As a writer, I feel it’s very important to strive to better my writing and I’m always trying to figure out ways to do that. I hit on the brilliant idea of asking someone else to give me a subject to blog about and this is what I was given.
“Your opinions on your life where you life; the physical conditions and how you feel about them. How do they affect you?”
Okay, let me illustrate the environment in which I live. I live on the outskirts of a large town, which itself is a suburb of a huge city on the south coast of England. My home is a rented two bedroomed flat on the first floor in a small cul-de-sac. My front windows look out across a wide green verge with trees, to a busy main road. A housing estate is situated on the other side of this road, with a forest beyond. Although I live on the first floor, the first floor is the top floor, so I have just one downstairs neighbour and one at the side; my flat is on the end of the block so no neighbour one side.
My flat is actually not bad as far as rented accommodation goes; I’ve lived in far worse places. I rent from the local housing association and although the rent is high, I get housing benefit which pays it all. I have my own little patch of garden at the front to keep as I please, whereas the rear is all communal grass and washing lines. Being on the top floor means I get the loft space, which is useful for storing some of my lesser needed crap that I can’t yet bear to part with, but as I’m the opposite of a hoarder, I doubt it will ever get filled. My front door is painted black and I have a gooseberry bush growing in the garden which gave me its first ever crop this summer. I enjoyed gooseberry crumble a few weeks ago and can’t wait for next summer to have it again.
It’s all very nice here. It’s relatively crime free apart from occasional smashed wing mirrors and sometimes the wheelie bins take a stroll down the road overnight. It could be so much worse and I count my blessings every day. The trouble is it’s boring and bland and oh so middle class. The same elderly ladies walk the same little dogs along the path every day and the same health conscious joggers jog along the main road. The ice cream van turns up at six thirty every summer evening and the bins are emptied every Monday. Life in surburia is boring and although it’s safe here, I do find myself wondering about maybe getting an exchange and moving somewhere else.
The people here are friendly, kind of. Not the always in your place for coffee type of friendly but the smile and hello when you pass in the street kind. I’m glad about this actually; I hate it when neighbours spend more time around your home than at their own so that you can never get anything done and they always want to know your business. I like a little detachment from neighbours but not to the point of being anti social or unfriendly. I do find myself wondering about them though; what they do in the privacy of their own homes and what their secrets might be. I guess everyone does this but being a writer and therefore creatively developed, my imaginings can be quite complex, serious, funny and strange.
Within two miles we have a good shopping centre, a railway station, a bus station and an airport, which means from here you can get to anywhere in the world. It’s a useful place to live despite its blandness. There’s even countryside within a few miles if you want to escape any time. Despite all of the benefits of living here, it’s not the first place I’d choose if I could. I have all sorts of daydreams about where and how I’d like to live if I won the lottery and they range from deep in the countryside with no neighbours for five miles in every direction, to a one thousand year old haunted manor house, to a swanky pad on the outskirts of Los Angeles or an upmarket area of Florida, depending on my mood.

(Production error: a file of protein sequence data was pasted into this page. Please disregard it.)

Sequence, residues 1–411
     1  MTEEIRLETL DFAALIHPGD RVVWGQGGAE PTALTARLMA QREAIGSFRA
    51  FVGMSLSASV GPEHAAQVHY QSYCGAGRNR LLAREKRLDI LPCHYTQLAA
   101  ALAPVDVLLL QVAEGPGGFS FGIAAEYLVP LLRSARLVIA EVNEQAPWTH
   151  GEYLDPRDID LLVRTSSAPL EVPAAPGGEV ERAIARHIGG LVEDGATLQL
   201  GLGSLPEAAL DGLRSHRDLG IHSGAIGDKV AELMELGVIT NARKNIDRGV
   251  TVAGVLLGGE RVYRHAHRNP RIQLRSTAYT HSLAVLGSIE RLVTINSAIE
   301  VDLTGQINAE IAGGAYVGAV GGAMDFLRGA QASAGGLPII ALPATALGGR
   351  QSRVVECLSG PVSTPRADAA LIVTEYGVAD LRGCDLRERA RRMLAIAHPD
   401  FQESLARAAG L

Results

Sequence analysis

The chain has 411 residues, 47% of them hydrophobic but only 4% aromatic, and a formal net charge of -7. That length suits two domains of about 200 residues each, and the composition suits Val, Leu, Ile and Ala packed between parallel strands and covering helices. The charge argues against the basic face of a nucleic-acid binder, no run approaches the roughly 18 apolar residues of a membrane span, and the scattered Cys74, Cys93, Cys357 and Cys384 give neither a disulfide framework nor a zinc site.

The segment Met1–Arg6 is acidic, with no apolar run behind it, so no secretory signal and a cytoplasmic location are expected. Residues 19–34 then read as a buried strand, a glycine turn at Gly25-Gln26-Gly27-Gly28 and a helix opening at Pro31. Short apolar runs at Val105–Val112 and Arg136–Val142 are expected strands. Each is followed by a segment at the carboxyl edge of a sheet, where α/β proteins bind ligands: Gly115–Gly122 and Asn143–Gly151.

I’m one of those people who forms an emotional attachment to the building in which I live. It’s a part of me, an expression of me and a representation of what I’m all about. I’m autistic and a bit agoraphobic and I live alone so I spend all my time that I’m not at work, here at home alone so it’s important to me that I feel safe and relaxed here. It’s my safe place, my panic room and my rubber cell all rolled into one and as I change, it changes. I can’t change it as much or as often as I’d like; I’m destitute (hey I’m a writer) so I can’t bring all my imaginings into being, but I do okay. If all else fails, I move the furniture around to make the place feel different.
My home has become a sort of living being. It has my energy within its walls. It’s experienced my joys and despairs alongside me and when I’m away from it, I look forward to returning to it. At the same time though, it’s lonely here and I’m very aware of how alone I am and I often imagine how it would feel to have a ‘significant other’ around the place. These four walls have been with me through some of the toughest times of my life. I’ve had many christmases and birthdays here alone with my walls; they know me better than anyone else and if walls could talk, I’d be worried.
Perhaps I’m setting the seeds for my own future haunting of the place by putting so much of myself emotionally and mentally into this flat. Perhaps this connection will bring me back for hundreds of years on the anniversary of my death, to walk the hallway in the dead of night and maybe, in a hundred years from now, the resident will often hear the faint tap, tap, tap as if some invisible writer were sat at a keyboard..!
Having said all that though, if I won the lottery I’d move without hesitation.